“Boosting your berry intake is a wonderful way to increase antioxidant levels to combat the effects of stress. For example, Elderberry contains antioxidants anthocyanins, bioflavonoids and polyphenols which protect against excessive oxidative stress. Studies have highlighted anthocyanins ability to protect our veins and arteries against oxidative stress. As damage to veins and arteries are a precursor to heart disease, this could be a beneficial botanical for cardiovascular issues. Furthermore, blackberries are small and mighty fruits, containing high amounts of vitamin C and K, which are powerful antioxidants, supporting the immune system and bone health.” – Henrietta Norton, founder of Wild Nutrition

“When we’re anxious or stressed, our bodies crave vitamin C to help repair and protect our cells, and blueberries are packed full of it. Small but mighty, blueberries are bursting with the antioxidants you need to live an anxiety and stress-free life.” – Natasha Marcusfield

Whole grains e.g. brown rice, buckwheat & quinoa

Gluten Free Oats

“When cortisol levels are high, B-vitamins are depleted. Whole grains are a rich source of B-vitamins, vital for energy production and mental function. Whole grain carbohydrate sources also prompt the brain to produce serotonin – the ‘feel good’ hormone. Optimising serotonin levels will help to boost mood and negate the effects of a stress.” – Lisa Scheepers

“Wholegrains, like wheat, oats, quinoa and brown rice, are rich in magnesium, selenium, and fibre. These might all play a role in lowering your stress levels.”- Aisling Moran, nutritional scientist at Thriva

Green ‘superfoods’

“If you make smoothies, add in a spoonful of the micro-algae chlorella or spirulina. These foods are extremely rich in a wide range of nutrients, including antioxidants, and are easily absorbed because they need little processing by the digestive system.” – Henrietta Norton

Lean meat, seafood and dairy

“Zinc, found in lean meat and seafood, plays a key role in immunity and prevention of infection. During stressful periods, when nutrients are depleted, we become more susceptible to picking up bugs. Supporting the immune system is key to remaining fit, well and ready to take on life” – Lisa Scheepers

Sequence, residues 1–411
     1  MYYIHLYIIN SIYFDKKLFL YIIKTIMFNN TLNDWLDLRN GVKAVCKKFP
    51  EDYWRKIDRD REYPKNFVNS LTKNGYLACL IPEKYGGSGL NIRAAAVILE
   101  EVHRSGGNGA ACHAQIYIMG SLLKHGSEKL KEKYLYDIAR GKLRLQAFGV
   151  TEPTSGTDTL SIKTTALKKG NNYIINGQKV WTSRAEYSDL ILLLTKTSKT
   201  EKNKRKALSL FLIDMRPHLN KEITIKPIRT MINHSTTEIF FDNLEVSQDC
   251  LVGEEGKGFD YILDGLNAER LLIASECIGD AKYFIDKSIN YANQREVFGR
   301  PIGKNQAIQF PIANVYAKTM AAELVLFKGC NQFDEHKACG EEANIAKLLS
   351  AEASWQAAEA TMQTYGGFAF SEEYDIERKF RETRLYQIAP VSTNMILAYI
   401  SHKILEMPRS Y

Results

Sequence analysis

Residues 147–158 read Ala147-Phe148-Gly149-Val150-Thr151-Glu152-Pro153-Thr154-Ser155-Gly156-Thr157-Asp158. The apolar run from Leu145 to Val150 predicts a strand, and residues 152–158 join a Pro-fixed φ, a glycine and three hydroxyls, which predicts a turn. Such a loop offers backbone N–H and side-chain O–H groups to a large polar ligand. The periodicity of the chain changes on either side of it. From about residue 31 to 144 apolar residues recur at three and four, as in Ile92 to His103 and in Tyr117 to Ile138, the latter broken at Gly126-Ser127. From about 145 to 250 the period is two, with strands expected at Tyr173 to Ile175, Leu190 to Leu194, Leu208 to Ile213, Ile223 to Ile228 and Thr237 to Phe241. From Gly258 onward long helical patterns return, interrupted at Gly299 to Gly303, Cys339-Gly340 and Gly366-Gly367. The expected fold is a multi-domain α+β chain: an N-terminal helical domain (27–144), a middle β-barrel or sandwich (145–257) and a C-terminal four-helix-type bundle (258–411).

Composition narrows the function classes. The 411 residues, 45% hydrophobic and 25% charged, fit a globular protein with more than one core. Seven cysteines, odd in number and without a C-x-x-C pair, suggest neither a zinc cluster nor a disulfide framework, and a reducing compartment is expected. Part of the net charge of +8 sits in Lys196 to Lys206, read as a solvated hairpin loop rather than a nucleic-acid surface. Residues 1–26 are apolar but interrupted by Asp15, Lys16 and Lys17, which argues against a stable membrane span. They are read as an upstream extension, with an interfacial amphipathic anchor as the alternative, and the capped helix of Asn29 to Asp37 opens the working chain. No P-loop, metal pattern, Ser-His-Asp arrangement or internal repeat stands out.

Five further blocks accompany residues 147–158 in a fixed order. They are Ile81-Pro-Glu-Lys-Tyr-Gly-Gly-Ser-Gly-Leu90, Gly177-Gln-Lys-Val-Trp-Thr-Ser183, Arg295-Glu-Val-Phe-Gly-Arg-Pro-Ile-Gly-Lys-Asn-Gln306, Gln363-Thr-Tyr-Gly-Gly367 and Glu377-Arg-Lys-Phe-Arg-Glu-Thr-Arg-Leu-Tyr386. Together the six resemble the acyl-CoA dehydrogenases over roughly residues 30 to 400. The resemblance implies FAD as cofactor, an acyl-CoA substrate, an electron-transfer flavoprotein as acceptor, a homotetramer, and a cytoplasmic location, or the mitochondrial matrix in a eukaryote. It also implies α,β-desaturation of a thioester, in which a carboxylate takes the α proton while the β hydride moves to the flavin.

Healthy fats

Photo: Caroline Attwood on Unsplash/Gousto

“During times of stress, optimising energy is key. To do this we need to look at optimising the vital micronutrients (e.g. vitamins, minerals, amino acids etc) needed for energy production within our cell’s energy factories, the mitochondria. We know that healthy fats play a huge role in mitochondrial function, providing them with their ‘fuel’. Making sure you increase oily fish in your diet, avocados, coconut oil, olive oil or flaxseed oil will help protect the mitochondria by providing anti-inflammatory support.” – Henrietta Norton

“As well as improving heart health, fatty fish such as salmon, tuna, halibut and herring, are a great option when trying to reduce stress levels, as they’re a good source of omega-3s which help ease depression and boost your overall mood because the nutrients easily interact with mood-related brain molecules.” – Natasha Marcusfield

“Salmon is a great source of the omega-3 fatty acids EHA and DHA. These types of fats help to regulate your body’s level of serotonin and dopamine — hormones that help you relax.” – Aisling Moran


“Packed with vitamin B2, vitamin E, magnesium and zinc, almonds contain a whole host of vitamins and minerals which are involved in the production of serotonin, the body’s natural stress reliever.” – Natasha Marcusfield

Dark Chocolate

“Not only does chocolate help lower blood pressure and cholesterol, it also contains several compounds which can help to boost mood; including phenylethylamine, a natural antidepressant chemical your brain produces. Dark chocolate is also packed with antioxidants, which help reduce stress by lowering the levels of stress hormones in the body.” – Natasha Marcusfield.

“Dark chocolate contains flavonols — a type of antioxidant. Flavonols are thought to help improve your brain function and help you cope better with stressful situations. The higher the cocoa solids in the chocolate, the better.” – Aisling Moran

By Charlotte